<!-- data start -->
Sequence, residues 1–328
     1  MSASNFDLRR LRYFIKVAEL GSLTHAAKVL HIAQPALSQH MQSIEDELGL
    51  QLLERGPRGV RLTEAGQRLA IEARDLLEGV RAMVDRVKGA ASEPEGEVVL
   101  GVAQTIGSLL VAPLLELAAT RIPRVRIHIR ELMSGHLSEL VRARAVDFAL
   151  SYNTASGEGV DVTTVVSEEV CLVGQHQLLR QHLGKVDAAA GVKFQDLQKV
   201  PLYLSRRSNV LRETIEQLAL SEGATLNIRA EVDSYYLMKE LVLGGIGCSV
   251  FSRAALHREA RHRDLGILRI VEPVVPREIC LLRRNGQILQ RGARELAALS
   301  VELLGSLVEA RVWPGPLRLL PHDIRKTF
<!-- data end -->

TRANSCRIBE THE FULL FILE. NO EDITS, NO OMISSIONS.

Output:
Sequence, residues 1–328
     1  MSASNFDLRR LRYFIKVAEL GSLTHAAKVL HIAQPALSQH MQSIEDELGL
    51  QLLERGPRGV RLTEAGQRLA IEARDLLEGV RAMVDRVKGA ASEPEGEVVL
   101  GVAQTIGSLL VAPLLELAAT RIPRVRIHIR ELMSGHLSEL VRARAVDFAL
   151  SYNTASGEGV DVTTVVSEEV CLVGQHQLLR QHLGKVDAAA GVKFQDLQKV
   201  PLYLSRRSNV LRETIEQLAL SEGATLNIRA EVDSYYLMKE LVLGGIGCSV
   251  FSRAALHREA RHRDLGILRI VEPVVPREIC LLRRNGQILQ RGARELAALS
   301  VELLGSLVEA RVWPGPLRLL PHDIRKTF